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The Bells' triple play plan strikes out.









now face a tougher path to TV glory as Texas lawmakers hit an impasse late Saturday on legislation to give telcos a statewide video franchise that could have allowed the Bells to bypass a town-by-town approval process.

Texas is a key battleground between cable and phone companies as the Bells spend billions to expand fiber optic networks that will be capable of delivering video programming along with Internet access and phone service. Not only is Texas SBC's home state, it's also the state where Verizon introduced its first fiber offering last year.

Analysts say the nondecision in Texas, which isn't scheduled to be reconsidered for two years, is a bitter setback for the Bells.

"The fact that Verizon and SBC lost here after joining forces to push their case should signal troubles ahead in other states," writes Banc of America Securities analyst Dave Barden in a research note Tuesday.

To the Garden State

Earlier this year, a similar statewide franchise proposal failed in Virginia. Now attention turns to New Jersey where later this year legislators will consider whether telcos must seek local video licenses or merely state approval.

Lacking a more streamlined state franchise approval process, the Bells face a much more cumbersome path and are likely to make a federal case out of it. SBC, for example, has been

helping to draft a new version of the 1996 Telecommunications Act to capitalize on a more pro-business climate in Washington.

A Verizon representative said the company is on track to have its fiber services, or FiOS, available to 3 million homes in 13 states by the end of the year. In Texas, where Verizon has expended some of its biggest efforts and offers FiOS in four counties, the investment could get cut.

"We won't plan to expand our fiber footprint until there is more meaningful competitive environment in the video marketplace," says the Verizon representative, referring to the Texas game plan.

Those aren't exactly comforting words to investors who see outfits like fiber cable maker



and networking-gear maker Advanced Fiber, a unit of



, as prime beneficiaries of the telco's fiber ambitions.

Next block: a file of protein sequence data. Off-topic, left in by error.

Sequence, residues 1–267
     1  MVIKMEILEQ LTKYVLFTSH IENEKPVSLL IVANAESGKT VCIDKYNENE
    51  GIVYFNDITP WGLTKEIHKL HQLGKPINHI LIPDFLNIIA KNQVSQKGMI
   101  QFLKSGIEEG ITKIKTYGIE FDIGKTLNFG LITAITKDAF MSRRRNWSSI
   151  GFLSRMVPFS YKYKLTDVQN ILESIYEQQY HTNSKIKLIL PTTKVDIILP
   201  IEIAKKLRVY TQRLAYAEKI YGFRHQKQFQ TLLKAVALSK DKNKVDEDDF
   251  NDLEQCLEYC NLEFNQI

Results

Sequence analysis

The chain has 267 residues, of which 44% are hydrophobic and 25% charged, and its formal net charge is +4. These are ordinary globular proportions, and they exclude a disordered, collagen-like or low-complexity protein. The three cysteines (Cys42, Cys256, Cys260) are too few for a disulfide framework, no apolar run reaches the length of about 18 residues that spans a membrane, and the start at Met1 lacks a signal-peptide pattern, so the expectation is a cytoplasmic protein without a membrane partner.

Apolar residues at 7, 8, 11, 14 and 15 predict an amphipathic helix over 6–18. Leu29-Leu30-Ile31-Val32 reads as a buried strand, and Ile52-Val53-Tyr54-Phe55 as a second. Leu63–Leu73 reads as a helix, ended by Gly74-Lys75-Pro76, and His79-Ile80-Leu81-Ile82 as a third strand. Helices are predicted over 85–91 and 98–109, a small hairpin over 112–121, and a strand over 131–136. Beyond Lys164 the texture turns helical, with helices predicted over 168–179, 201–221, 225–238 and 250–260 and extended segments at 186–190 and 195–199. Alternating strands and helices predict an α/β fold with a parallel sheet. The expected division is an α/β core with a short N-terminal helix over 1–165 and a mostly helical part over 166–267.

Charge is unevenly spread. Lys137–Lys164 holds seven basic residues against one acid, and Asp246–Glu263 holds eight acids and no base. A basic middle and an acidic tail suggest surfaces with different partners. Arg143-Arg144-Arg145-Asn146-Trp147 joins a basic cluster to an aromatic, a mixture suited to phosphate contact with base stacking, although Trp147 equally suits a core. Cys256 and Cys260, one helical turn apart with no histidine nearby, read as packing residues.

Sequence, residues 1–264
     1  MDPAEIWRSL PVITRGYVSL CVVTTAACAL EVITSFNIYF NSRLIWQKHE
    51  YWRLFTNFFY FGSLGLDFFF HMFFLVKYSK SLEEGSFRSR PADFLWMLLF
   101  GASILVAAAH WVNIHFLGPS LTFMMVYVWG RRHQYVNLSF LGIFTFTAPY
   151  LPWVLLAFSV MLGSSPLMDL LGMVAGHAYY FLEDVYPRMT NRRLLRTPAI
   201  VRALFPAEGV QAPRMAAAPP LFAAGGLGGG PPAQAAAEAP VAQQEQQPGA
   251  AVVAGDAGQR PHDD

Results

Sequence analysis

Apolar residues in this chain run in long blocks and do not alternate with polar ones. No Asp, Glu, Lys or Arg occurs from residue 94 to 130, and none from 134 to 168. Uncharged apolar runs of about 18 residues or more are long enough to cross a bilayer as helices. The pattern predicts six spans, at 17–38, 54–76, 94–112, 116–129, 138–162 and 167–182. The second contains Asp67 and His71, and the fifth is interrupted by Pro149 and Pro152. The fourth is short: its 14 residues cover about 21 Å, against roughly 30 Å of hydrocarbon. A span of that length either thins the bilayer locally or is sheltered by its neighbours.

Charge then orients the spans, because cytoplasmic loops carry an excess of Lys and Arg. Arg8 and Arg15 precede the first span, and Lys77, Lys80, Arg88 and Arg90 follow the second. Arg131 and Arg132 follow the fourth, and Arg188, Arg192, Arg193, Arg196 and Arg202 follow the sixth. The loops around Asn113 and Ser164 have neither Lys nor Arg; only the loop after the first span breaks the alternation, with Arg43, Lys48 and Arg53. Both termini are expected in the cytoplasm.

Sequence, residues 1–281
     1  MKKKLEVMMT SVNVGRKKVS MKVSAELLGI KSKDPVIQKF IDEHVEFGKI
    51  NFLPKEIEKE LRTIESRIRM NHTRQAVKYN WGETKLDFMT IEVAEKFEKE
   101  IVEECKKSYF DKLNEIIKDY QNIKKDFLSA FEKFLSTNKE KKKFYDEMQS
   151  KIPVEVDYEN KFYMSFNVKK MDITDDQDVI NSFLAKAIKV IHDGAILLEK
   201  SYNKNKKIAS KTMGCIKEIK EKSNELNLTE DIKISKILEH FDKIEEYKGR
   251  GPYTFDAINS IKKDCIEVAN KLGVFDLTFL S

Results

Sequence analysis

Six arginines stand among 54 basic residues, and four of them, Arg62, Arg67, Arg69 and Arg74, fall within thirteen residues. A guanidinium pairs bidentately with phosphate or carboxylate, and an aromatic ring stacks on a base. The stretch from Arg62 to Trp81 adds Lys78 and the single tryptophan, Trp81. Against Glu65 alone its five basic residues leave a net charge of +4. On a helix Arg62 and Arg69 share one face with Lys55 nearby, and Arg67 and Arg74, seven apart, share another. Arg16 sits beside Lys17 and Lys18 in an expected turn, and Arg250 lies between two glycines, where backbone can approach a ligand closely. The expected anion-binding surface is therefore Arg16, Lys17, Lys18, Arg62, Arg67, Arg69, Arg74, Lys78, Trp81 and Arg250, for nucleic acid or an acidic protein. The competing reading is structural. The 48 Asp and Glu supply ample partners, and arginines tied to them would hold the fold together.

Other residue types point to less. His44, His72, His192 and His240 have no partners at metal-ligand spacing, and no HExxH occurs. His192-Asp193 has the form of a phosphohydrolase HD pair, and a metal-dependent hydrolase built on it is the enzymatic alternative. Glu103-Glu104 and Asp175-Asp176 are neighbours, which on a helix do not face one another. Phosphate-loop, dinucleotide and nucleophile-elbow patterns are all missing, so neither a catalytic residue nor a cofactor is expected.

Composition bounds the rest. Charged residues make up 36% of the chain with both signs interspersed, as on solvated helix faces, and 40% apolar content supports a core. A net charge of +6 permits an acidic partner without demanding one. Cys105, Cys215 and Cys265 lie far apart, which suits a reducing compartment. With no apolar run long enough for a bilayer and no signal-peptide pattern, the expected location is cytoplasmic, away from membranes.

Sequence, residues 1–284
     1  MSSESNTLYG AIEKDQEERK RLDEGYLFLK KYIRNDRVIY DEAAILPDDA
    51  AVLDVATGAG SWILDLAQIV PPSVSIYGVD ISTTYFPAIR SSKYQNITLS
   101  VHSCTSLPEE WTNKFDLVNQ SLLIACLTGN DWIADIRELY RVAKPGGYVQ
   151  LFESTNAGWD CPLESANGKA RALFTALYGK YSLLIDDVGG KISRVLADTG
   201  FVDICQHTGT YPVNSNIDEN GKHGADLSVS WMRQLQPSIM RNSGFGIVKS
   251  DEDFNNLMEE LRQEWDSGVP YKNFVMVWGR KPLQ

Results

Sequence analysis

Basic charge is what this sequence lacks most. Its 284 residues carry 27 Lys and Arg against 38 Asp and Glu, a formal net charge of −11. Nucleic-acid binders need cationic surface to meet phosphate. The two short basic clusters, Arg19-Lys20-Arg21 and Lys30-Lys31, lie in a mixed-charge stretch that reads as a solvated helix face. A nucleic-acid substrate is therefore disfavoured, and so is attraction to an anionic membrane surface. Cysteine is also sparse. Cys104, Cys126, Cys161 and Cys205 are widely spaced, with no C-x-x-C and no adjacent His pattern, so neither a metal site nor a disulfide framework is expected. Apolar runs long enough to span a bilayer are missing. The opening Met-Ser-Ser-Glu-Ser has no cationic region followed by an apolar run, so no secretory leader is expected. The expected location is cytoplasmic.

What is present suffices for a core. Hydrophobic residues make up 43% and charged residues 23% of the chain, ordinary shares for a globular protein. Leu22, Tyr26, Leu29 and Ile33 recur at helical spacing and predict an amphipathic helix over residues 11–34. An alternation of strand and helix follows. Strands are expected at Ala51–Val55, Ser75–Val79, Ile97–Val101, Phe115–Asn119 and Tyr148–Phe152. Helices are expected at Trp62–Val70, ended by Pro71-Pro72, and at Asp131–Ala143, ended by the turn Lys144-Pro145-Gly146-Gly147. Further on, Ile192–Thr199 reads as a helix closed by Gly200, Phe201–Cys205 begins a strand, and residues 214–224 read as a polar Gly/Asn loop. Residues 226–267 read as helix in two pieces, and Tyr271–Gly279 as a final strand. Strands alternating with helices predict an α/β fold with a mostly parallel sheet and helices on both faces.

Meanwhile, some investors see the ties growing stronger between the telcos and satellite TV companies like






. Currently, to battle the cable companies' encroachment into phone services, SBC and Verizon offer video packages by reselling satellite service.

One money manager said he was buying Echostar on the chance that SBC would renew its interest in owning the company. But CIBC analyst Tim Horan was skeptical of any mergers between telcos and satellite players. Horan says that EchoStar's national TV service wouldn't be a good fit with SBC's regional phone business.

Ballpark Figures

Apparently, the big snag for Texas legislators wasn't necessarily the statewide franchise, but the insistence by the Bells that phone price restrictions be lifted.

Texas state Sen. Troy Fraser, quoted in a story published by

The Dallas Morning News

Sunday, said he wanted a more "consumer friendly" approach that would protect residents from phone rate hikes.

The Bells face a shrinking core phone business coupled with the heavy costs associated with the upkeep of old line networks and the bulging expenses related to employee health care and retiree benefits. Growth areas like wireless and fiber-enabled Internet protocol TV are designed to be the new engines that pull the old business into the future.

But skeptics say the expense, estimated to be about $1,500 to string fiber to each home, will be disastrous to the telcos' financial structures. However, many observers say the doddering phone giants have little choice beyond competing with cable companies that are signing up thousands of phone customers every week.

For the investment community, the long-awaited triple play is beginning to look a little like a slow-motion squeeze play.